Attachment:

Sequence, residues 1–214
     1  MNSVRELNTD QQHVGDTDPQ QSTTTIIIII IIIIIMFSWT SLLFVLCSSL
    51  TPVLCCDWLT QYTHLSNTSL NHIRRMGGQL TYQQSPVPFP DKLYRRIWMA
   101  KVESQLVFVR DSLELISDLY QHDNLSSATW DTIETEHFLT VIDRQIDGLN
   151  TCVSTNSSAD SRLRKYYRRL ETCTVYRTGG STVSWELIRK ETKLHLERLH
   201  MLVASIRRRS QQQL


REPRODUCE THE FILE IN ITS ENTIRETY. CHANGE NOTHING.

Sequence, residues 1–214
     1  MNSVRELNTD QQHVGDTDPQ QSTTTIIIII IIIIIMFSWT SLLFVLCSSL
    51  TPVLCCDWLT QYTHLSNTSL NHIRRMGGQL TYQQSPVPFP DKLYRRIWMA
   101  KVESQLVFVR DSLELISDLY QHDNLSSATW DTIETEHFLT VIDRQIDGLN
   151  TCVSTNSSAD SRLRKYYRRL ETCTVYRTGG STVSWELIRK ETKLHLERLH
   201  MLVASIRRRS QQQL